Barnes & Noble (NYSE:BKS) has declined by nearly 25% from a peak of $23.3 in May 2013 to $17.6 currently. A steep correction might seem as a buying opportunity. This article discusses the reasons for believing that Barnes will continue to struggle in its operations and hence can be avoided even after the steep correction.
Dismal Fiscal 2013 Results
Barnes financial results for the year ended April 2013 were dismal as the company continues to take a hit on the top-line as well as the bottom-line. Revenue declined by 4.1% to $6.839 million from $7,129 million in FY12. The revenue decline was driven by the retail and the NOOK tablet segment. What is more important to mention here is the operating level profits of the company. For the fiscal year ended 2013, the EBITDA declined by 94.2% to $10.3 million from $176 million in FY12. The EBITDA margin was dismal at 0.2%. In other words, the company has barely managed to remain in profits even at the EBITDA level.
This is certainly a red flag and sustained downturn in the business could potentially mean that Barnes will incur EBITDA level losses going forward. This trend is already visible in the fourth quarter with Barnes reporting an EBITDA level loss of $122 million. This was primarily driven by higher EBITDA level losses in the NOOK segment. However, EBITDA margin continues to decline in the retail segment as well.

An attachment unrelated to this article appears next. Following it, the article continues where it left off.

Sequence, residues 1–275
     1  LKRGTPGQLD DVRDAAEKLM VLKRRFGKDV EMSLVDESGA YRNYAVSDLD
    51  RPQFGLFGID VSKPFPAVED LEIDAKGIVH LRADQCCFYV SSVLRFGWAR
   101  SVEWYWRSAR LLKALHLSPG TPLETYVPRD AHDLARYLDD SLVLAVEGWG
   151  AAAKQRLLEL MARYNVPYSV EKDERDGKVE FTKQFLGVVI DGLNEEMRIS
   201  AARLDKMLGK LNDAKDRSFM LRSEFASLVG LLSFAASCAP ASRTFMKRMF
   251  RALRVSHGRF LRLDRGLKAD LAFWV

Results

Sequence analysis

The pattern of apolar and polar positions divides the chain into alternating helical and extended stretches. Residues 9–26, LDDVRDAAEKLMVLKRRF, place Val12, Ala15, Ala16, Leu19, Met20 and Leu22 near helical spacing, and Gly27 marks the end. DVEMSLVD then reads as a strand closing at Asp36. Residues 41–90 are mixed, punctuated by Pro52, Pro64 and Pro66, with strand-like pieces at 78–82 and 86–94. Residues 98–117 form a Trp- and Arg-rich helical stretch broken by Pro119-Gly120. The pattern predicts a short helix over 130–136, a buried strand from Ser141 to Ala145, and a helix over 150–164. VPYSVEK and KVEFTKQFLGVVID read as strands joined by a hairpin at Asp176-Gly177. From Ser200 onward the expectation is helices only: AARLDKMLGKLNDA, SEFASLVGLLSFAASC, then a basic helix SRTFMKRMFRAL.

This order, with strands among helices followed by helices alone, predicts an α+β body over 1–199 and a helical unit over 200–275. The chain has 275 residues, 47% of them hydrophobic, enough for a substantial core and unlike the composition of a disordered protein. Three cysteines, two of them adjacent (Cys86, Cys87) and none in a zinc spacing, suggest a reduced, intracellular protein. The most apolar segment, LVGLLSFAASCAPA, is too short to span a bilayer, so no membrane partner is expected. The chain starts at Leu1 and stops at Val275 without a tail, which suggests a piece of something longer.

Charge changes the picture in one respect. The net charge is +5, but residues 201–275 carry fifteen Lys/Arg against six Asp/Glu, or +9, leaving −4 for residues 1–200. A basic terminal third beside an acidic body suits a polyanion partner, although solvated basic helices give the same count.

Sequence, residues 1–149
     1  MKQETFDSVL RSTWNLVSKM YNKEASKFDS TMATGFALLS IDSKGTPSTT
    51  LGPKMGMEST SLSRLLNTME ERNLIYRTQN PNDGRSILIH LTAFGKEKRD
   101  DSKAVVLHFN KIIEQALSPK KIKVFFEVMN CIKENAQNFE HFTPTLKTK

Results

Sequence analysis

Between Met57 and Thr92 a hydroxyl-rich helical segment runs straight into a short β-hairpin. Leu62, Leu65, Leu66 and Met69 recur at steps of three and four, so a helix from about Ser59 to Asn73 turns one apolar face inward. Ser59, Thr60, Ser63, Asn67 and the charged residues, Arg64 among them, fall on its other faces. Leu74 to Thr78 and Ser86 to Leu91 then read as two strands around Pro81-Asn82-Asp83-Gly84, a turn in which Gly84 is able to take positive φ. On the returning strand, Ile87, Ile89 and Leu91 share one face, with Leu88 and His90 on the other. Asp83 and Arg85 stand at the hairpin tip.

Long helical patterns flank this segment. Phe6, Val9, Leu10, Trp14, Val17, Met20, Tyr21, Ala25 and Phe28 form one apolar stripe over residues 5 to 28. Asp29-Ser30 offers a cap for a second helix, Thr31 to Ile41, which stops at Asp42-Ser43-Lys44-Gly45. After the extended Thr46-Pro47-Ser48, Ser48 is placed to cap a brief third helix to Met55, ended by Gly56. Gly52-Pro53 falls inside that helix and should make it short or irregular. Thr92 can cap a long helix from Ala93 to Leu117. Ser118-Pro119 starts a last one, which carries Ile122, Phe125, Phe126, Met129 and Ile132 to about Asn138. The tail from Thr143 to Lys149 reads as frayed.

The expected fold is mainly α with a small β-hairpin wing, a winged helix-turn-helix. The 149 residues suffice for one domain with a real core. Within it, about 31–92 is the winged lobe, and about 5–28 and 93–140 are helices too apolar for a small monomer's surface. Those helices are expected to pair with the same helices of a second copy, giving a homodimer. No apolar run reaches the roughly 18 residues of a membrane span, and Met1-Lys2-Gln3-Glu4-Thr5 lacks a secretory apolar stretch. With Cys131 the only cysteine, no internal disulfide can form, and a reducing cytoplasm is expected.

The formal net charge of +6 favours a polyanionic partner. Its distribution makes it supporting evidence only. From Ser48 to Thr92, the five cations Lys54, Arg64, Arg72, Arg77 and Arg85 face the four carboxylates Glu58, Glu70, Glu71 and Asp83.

Barnes does plan to cut on losses in the digital business (NOOK tablets) by reducing the manufacturing risk and cost. For this, the company intends to tie-up with third party manufacturers for its tablets.
Even if Barnes is able to tie-up with a third party for manufacturing tablets, the problem of competition with giants in the industry will remain. More specifically, Amazon (NASDAQ:AMZN) and Apple (NASDAQ:AAPL) will be hard to beat in the digital market. The differentiation factor and the growth strategy therefore remain uncertain.
After witnessing robust top-line growth in the initial years of operation, the NOOK segment of the company has reported a decline in revenue of 16.8% for the fiscal ended 2013. The decline was primarily due to lower selling volume. The market demand for NOOK readers therefore remains weak and uncertain.